How much should you care about an especially demanding minority of your market?
If they’re in the group we’ve dubbed the Passionates, you should care a lot. Because if you don’t show that your values align with theirs, they won’t buy from you, work for you, or even respect you.
Passionates care about multiple important global issues, and they care about all of them with equal intensity. Everything matters to them: themselves, other people, society as a whole, the planet. And while they currently make up only 20% of the general population, they’re likely to become more dominant over time. That makes them an increasingly influential market force to reckon with.
The Passionates: Values and Emotions Will Shape the Future of Business
We asked 10,000 adult residents of the United States and Canada to tell us how strongly they care about 17 critical global issues ranging from healthcare access, climate change, and income inequality to data privacy, sexual harassment, and the influence of social media on society.
Respondents first chose the five issues they care about most. Then, on a scale of 1 to 4, we asked them to rate how intensely they experienced 12 specific emotions (with 4 representing the strongest concern) when thinking about these issues. We presented six positive emotions (admiration, enthusiasm, inspiration, optimism, pride, and relief) and six negative emotions (alienation, anger, disgust, fear, frustration, and sadness).
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Given the importance of the issues, we were not surprised to find that all respondents care about each one to some extent. The five issues respondents cited most often included healthcare access, climate change, mental health, poverty and hunger, and education. However, the results also revealed one group of people who seem incapable of being nonchalant about any of the issues. Indeed, this distinct group cares 37% more strongly, on average, about every single issue we asked about.
For example, the Passionates care 35% more strongly than all respondents about healthcare access, 33% more strongly about climate change, and 39% more strongly about mental health (Figure 1).
Like everyone, this group cares more about some issues than others. However, nothing is unimportant to them; they care deeply even about the issues they consider a lower priority, and they do so with greater intensity and commitment than other people do.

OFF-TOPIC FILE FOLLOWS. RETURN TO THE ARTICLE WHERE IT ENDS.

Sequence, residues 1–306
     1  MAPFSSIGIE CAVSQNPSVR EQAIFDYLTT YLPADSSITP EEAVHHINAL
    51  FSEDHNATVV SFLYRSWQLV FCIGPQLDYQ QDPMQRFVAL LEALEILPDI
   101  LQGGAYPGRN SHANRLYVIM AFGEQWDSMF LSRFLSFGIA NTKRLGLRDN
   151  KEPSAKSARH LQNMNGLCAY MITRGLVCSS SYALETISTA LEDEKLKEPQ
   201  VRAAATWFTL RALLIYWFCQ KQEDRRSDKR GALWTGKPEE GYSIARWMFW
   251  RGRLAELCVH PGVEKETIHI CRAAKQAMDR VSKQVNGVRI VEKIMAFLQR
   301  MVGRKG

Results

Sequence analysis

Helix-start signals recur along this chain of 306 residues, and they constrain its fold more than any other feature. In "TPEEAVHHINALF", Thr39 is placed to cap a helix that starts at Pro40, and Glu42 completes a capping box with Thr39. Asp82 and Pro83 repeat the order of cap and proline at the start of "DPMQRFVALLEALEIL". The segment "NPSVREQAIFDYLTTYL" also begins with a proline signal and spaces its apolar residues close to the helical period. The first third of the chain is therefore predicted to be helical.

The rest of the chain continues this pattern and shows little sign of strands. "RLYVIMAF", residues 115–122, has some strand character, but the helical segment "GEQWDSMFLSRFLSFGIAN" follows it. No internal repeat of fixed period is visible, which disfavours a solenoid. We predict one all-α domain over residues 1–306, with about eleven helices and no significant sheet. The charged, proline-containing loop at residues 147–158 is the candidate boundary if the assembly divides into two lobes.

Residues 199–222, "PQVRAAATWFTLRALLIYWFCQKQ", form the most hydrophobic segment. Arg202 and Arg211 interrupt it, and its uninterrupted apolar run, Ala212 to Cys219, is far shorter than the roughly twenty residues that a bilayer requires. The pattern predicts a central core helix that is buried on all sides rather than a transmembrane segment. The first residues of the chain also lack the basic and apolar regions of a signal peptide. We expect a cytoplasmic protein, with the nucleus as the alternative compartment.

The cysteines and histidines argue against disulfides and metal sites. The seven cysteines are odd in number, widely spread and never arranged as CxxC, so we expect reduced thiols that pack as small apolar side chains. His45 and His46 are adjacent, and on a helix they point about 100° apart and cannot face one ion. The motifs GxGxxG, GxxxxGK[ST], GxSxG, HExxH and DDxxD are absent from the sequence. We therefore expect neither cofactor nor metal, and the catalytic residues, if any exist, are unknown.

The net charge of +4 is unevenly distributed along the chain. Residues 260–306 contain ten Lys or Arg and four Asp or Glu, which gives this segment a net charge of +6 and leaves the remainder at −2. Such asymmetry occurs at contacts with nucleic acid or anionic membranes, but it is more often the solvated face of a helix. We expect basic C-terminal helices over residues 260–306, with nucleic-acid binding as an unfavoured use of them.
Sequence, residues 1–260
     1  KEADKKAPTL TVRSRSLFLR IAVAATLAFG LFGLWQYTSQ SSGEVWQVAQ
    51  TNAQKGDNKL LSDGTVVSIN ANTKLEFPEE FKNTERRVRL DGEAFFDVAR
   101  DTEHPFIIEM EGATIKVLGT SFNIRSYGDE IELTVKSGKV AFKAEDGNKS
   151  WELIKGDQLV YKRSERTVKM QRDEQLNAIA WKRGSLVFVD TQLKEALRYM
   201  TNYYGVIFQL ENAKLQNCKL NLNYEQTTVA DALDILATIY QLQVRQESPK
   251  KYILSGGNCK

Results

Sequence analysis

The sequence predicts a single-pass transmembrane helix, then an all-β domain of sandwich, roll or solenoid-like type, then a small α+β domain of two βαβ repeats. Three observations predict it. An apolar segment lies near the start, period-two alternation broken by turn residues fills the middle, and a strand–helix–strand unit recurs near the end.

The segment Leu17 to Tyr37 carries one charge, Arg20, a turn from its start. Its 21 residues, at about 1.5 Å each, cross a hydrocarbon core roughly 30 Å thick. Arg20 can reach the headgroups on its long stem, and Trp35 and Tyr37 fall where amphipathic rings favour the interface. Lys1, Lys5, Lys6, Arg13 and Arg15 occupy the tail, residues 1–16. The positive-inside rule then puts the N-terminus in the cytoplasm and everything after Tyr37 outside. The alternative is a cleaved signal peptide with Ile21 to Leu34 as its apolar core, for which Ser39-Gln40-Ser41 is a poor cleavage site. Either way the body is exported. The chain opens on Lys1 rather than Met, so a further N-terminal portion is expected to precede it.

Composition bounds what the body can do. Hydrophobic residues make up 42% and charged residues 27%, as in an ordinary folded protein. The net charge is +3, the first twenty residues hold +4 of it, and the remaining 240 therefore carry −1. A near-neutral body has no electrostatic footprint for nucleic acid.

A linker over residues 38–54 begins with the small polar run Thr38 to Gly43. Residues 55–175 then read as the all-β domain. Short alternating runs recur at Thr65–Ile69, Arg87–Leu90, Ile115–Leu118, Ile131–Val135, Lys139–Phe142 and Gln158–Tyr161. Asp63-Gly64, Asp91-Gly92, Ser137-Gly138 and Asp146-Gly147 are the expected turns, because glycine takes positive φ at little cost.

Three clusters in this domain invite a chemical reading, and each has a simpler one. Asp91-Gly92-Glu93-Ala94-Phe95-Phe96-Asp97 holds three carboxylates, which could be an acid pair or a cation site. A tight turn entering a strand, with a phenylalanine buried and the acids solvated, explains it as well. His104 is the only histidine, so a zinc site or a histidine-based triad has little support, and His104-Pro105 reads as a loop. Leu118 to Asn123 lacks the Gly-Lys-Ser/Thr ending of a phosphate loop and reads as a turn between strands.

Therefore, it makes sense to name this distinct group the Passionates.
What characterizes Passionates?
Passionates made up one in five, or 20%, of our survey respondents.
Like the general population, half the Passionates are male, and half are female. They are slightly more likely to live in the United States than in Canada, but they are otherwise not concentrated in any particular geographic region. Their household income distribution also mirrors that of the general population, which suggests that income is no more significant than any other factor in making someone feel strongly about global issues.
We also found Passionates among every generation, although the younger someone is, the more likely they are to be a Passionate (see Figure 2).
Figure 2: Percentage of Passionates among different generations
To understand why this matters, consider that for many of the issues we covered in the survey, the more strongly respondents feel, the more closely they align with traditionally liberal political views. Despite popular wisdom that people inevitably become more conservative with age, research consistently shows that individuals’ political attitudes remain “remarkably stable” throughout their lives, according to a study in The Journal of Politics. We expect, then, that as the remaining Gen Zers enter adulthood (the youngest are halfway through grammar school), the influence of Passionates on the market will grow accordingly – and it will not wane as each generation ages.
Passionates care significantly more than other people about certain issues. They feel:
19% more strongly about business leaders promoting a positive environment on social media
18% more strongly about sustainable sourcing
16% more strongly about poverty and hunger
13% more strongly about data privacy
12% more strongly about access to quality education
9% more strongly about the importance of workplace diversity